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Yesterday my friend Ryan sent me this text:

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He was on the verge of unfriending me in real life because I hadn’t yet seen Mad Max: Fury Road.

Well, last night I saw it and…holy crap.

First of all, it’s a gorgeous piece of art. It’s not for everyone, for sure, but I spent most of the time in the theater thinking, “How did they do that??” A solid story, interesting characters, amazing scenery and…freaking car chases. Except that doesn’t do justice to what actually happened for two hours. I texted my brother-in-law afterwards and said, “I wish I lived near a desert so I could drive recklessly through it!”

The reason Ryan wanted me to see it so badly, though, was because of Imperator Furiosa.

Oh, Furiosa.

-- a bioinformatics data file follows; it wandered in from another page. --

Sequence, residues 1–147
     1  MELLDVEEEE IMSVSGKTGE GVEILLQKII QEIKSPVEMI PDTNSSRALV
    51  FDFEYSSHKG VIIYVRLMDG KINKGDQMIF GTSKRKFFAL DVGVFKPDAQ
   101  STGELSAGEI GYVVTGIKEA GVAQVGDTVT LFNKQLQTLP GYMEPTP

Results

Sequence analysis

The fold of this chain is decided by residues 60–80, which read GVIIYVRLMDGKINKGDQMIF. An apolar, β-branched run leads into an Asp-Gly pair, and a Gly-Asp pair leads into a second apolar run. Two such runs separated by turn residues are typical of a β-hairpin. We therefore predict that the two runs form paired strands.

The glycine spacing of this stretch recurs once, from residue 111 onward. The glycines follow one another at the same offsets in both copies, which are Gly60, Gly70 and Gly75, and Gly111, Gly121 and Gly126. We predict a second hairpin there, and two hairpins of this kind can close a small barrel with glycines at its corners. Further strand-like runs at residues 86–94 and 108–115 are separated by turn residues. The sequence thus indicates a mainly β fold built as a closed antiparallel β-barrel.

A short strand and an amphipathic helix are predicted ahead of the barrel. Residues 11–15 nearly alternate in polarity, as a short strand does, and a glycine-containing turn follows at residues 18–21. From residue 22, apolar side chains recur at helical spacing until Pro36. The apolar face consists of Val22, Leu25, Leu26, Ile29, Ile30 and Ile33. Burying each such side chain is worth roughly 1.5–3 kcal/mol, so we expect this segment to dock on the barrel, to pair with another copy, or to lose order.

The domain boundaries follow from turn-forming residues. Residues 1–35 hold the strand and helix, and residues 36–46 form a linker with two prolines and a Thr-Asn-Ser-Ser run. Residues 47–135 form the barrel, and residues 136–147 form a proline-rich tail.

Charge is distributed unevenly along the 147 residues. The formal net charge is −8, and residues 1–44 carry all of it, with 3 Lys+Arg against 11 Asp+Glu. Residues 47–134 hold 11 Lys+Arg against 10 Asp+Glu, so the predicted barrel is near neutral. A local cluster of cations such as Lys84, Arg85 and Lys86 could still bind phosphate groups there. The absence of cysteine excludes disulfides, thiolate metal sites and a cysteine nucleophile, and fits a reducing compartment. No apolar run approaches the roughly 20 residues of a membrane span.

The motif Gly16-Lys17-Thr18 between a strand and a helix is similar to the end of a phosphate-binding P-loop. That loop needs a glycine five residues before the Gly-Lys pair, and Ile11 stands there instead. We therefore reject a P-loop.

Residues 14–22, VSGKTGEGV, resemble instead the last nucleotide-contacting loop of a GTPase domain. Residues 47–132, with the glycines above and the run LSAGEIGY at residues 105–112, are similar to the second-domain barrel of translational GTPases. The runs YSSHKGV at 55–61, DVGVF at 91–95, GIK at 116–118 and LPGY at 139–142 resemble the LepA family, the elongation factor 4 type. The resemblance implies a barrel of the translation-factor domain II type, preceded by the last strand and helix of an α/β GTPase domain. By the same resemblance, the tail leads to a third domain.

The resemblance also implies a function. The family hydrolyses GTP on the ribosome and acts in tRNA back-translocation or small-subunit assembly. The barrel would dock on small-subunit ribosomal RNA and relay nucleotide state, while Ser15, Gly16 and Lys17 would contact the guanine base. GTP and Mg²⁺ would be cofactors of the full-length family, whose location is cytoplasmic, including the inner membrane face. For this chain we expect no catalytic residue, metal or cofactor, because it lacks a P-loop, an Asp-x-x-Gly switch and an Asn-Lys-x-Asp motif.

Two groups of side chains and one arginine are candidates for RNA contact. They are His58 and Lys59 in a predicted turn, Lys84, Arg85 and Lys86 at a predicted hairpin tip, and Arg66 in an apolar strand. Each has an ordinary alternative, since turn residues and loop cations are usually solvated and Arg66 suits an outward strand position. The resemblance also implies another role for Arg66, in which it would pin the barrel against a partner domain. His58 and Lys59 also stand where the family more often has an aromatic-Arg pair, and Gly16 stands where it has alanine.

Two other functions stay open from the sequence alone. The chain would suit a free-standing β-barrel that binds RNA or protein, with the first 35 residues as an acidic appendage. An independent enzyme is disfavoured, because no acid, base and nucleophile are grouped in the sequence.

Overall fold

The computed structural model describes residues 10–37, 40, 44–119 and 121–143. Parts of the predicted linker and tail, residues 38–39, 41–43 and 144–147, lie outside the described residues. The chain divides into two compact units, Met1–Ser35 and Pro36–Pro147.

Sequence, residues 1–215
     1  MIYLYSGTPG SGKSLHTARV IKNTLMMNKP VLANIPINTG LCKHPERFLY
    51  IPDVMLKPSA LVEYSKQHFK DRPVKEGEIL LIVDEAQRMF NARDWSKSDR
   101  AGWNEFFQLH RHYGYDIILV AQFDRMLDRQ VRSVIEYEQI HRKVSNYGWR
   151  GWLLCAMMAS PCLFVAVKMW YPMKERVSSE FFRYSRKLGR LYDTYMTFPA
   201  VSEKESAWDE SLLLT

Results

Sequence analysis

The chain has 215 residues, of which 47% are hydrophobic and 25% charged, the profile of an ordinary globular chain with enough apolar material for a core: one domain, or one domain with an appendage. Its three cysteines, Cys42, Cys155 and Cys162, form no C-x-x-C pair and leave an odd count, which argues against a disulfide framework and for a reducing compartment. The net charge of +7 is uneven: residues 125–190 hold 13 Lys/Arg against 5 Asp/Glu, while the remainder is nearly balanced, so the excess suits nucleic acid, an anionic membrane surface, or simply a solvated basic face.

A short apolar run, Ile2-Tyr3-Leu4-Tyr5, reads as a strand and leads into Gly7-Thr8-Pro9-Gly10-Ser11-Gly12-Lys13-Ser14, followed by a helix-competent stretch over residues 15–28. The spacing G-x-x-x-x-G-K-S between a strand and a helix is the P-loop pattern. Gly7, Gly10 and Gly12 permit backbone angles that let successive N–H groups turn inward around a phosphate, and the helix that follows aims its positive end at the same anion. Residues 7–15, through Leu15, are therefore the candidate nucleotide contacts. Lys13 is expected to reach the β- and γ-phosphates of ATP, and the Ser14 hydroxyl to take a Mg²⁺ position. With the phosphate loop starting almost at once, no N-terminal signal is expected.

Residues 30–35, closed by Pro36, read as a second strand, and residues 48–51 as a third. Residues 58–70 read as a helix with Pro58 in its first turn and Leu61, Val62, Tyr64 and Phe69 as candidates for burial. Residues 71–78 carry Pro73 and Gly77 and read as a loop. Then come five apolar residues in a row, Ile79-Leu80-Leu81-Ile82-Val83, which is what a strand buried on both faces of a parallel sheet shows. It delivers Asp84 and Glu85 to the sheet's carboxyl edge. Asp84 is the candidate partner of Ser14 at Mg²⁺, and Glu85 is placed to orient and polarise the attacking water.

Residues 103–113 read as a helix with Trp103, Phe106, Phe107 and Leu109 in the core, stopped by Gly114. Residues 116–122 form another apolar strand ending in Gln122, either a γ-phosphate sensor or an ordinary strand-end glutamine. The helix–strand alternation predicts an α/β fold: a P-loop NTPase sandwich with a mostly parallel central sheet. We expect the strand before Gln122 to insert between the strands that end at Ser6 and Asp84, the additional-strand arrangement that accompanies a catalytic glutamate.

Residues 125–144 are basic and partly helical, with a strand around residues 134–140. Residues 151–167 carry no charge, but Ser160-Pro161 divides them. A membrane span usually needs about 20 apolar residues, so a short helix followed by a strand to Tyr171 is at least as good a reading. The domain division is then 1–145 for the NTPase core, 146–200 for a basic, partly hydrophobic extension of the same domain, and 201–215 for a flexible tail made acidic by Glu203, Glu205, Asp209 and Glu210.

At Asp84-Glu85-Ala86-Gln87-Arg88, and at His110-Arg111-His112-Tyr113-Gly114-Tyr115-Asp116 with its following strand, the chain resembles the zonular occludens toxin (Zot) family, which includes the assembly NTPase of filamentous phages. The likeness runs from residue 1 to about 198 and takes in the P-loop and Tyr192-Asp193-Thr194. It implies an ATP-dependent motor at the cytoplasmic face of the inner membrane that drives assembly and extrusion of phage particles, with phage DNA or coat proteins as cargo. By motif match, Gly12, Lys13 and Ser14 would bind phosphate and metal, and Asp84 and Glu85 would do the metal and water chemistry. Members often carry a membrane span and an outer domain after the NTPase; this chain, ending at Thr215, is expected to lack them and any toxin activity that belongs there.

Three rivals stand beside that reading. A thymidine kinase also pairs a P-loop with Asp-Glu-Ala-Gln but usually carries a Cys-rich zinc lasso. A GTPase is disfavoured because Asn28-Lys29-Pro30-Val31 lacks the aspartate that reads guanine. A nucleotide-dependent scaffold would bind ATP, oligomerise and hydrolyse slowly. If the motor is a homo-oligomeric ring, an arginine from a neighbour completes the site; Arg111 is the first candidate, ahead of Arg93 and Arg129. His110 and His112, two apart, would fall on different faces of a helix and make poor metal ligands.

furiosa

We don’t know much about Furiosa, but we do know that she is strong, smart and compassionate. Her mission, unbeknownst to the evil Immortan Joe, is to transport his captive wives to freedom, which she believes will find them at The Green, the place she was born. The story follows this perilous journey, filled with carnage and careful character development.

What struck me, though, as I’m sure it did nearly every amputee who’s seen it, is exactly what my friend Ryan was hoping I’d notice:

Screenshot_2015-05-30-12-10-41-1

Furiosa’s difference was not a plot point.

In fact, they never addressed her arm throughout the entirety of the movie.

Not once.

Not once while she was driving. Or fighting. Or jumping between vehicles. Or loading weapons. Or shooting said weapons.

And they could have.